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Comparitive evals for medium sized office VOIP PBX

 
 
Me
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      11-02-2004
Yep, they do run on Windows. Yes you do have multiple servers. Yes, you do
get updates from Cisco instead of Microsoft. Wrong, there are many different
platforms you can install on.
I'm not aware of any application or appliance that comes with free lifetime
support???

Do you sell Mitel??

Our system has been up 100% outside of SLA for 3 years (since install).
Having multiple servers allows you to take one or two servers down without
impacting the users. I could see having a stand alone system doing
everything, but what if that device fails. I have multiple layers of
redundancy. If our option 11 freaks, everyone is affected. I can lose 3
servers out of 5 before users are affected. As for virus's or bugs.. Cisco
releases patches that affect its application one week after MS does. I don't
know about you, but it's really nice have a vendor do the testing on patches
before they are applied to my application. It really simplifies things for
me. A fire wall in front of you voice apps?? Any semi competent network guy
could put some basic access lists in.

I'd consider all vendors. I doubt Cisco will be a good choice if you have
less than 100 users. And that's pushing it. You could look at CCM Express.
You can actually install a unity voicemail module in a Cisco router NM slot
now. So depending on your router choice, you could have your pbx and
voicemail system residing on you router. Hows that for consolidating
devices?
I'm sure Mitel guy has something to say about that. He's always got
something negative to say about anything not Mitel...

I just offered to be helpful. Wasn't trying to sell you anything. I don't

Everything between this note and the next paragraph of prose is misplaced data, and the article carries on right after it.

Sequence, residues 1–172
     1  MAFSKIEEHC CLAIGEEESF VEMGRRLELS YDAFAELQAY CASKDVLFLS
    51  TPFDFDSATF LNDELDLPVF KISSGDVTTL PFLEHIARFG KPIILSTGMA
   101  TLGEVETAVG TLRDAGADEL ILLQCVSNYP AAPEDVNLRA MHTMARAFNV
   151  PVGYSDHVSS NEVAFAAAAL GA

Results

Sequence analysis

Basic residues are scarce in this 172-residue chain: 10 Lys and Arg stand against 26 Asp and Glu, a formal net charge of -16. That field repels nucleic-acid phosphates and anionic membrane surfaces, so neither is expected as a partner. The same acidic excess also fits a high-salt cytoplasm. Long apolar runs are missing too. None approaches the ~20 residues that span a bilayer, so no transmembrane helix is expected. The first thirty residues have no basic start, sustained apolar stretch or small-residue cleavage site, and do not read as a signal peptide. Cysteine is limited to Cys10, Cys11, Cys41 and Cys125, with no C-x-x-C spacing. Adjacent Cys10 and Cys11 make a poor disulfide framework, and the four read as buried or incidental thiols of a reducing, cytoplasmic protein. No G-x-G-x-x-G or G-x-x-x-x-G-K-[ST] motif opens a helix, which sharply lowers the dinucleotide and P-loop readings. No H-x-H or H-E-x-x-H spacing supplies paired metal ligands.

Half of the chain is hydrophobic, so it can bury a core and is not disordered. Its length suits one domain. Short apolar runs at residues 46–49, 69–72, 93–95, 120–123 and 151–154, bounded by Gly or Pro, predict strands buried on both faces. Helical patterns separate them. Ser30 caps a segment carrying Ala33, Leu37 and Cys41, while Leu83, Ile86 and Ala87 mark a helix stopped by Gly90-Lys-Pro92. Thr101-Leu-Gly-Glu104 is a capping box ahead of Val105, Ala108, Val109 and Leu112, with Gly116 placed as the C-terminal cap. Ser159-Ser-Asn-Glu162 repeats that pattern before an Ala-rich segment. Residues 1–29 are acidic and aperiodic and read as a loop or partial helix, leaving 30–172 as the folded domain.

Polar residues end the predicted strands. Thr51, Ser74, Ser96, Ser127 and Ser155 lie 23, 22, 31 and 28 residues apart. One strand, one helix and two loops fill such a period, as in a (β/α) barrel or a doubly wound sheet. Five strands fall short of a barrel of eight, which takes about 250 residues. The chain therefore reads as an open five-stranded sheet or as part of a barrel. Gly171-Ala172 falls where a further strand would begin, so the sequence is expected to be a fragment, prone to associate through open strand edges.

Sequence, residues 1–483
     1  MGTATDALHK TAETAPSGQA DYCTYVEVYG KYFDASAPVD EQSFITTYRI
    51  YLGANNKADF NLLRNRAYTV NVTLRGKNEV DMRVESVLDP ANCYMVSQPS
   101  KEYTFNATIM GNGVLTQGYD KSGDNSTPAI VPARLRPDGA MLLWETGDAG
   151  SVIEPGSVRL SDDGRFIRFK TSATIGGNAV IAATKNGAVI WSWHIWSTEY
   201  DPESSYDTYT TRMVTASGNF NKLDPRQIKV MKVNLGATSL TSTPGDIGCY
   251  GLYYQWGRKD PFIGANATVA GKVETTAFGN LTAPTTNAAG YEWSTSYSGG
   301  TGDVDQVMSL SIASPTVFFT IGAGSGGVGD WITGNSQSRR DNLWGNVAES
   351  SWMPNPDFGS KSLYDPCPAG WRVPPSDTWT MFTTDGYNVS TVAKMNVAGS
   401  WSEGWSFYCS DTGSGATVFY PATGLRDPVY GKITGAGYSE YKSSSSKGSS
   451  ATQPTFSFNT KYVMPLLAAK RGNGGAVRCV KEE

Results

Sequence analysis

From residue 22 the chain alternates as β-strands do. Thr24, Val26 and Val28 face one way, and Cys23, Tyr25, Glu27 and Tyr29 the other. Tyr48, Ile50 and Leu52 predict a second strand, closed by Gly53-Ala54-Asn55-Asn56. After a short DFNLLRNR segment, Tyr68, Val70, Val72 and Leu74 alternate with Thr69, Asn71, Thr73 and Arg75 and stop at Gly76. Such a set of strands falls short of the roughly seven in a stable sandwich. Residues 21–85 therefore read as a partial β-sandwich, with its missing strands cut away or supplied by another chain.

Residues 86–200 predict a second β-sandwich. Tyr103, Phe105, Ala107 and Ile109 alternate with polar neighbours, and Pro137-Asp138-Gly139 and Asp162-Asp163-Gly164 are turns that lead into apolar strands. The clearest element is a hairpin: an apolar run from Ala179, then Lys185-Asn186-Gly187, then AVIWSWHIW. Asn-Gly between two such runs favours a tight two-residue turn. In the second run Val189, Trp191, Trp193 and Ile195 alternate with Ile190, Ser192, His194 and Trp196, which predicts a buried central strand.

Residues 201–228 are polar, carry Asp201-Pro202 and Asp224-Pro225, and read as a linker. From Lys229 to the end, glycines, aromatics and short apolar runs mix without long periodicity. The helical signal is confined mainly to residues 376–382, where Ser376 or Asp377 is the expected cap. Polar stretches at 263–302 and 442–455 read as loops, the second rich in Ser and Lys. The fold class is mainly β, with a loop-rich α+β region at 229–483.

know of any direct comparisons. I know that Cisco is selling the **** of
their VOIP products. Even the open source guys realize that Cisco phones and
gateways are the way to go. Look at it this way. VOIP is IP. Cisco is the
IP king. These traditional PBX manufactures are playing catch up in the VOIP
world.





"Mitel Lurker" <wdg@[206.180.145.133]> wrote in message
news:(E-Mail Removed)...
> In article <(E-Mail Removed)> http://www.velocityreviews.com/forums/(E-Mail Removed)
> writes:
>
>
> >Thanks, but more than specific questions about CM, I need product
> >trials and comparitive tests. Customer satisfaction surveys and
> >market shares. Stuff like that. Any links to third party product
> >evals greatly appreciated.

>
> Before you consider CISCO you need to be aware that their Call Manager is
> a cluster of applications all running on Microsoft SQL Server on a Wintel
> platform (Windows/Intel PC-based). Furthermore, CISCO's voicemail package
> for the CM (UNITY) requires yet another Wintel server. Need redundancy or
> resiliancy/survivability? That'll take still another server.
>
> Being Microsoft server-based means the Call Manager is open to the same
> worms, viruses, Denial-Of-Service attacks, etc as all other Windows based
> PCs. For security Cisco recommends creating a separate Firewall.
> Translation: You'll probably need another Server.
>
> Need 9-1-1 support? Yes, another server.